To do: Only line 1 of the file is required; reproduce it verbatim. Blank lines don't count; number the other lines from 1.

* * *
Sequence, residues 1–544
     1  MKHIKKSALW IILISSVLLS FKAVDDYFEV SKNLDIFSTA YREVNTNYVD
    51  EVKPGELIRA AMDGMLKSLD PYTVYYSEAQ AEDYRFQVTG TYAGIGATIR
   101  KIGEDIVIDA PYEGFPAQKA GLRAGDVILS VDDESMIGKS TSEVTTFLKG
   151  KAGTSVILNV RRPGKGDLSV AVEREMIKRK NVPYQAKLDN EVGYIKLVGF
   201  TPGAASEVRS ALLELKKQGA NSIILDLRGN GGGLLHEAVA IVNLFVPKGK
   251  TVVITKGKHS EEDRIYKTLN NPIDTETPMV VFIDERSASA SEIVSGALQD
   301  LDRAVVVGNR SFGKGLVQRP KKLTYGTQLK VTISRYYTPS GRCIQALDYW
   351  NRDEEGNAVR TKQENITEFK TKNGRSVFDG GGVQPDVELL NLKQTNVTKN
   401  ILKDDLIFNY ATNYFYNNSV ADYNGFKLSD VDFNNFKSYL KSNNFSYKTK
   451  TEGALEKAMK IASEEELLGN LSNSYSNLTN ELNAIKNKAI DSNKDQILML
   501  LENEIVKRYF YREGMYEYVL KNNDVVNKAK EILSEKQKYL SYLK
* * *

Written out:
Sequence, residues 1–544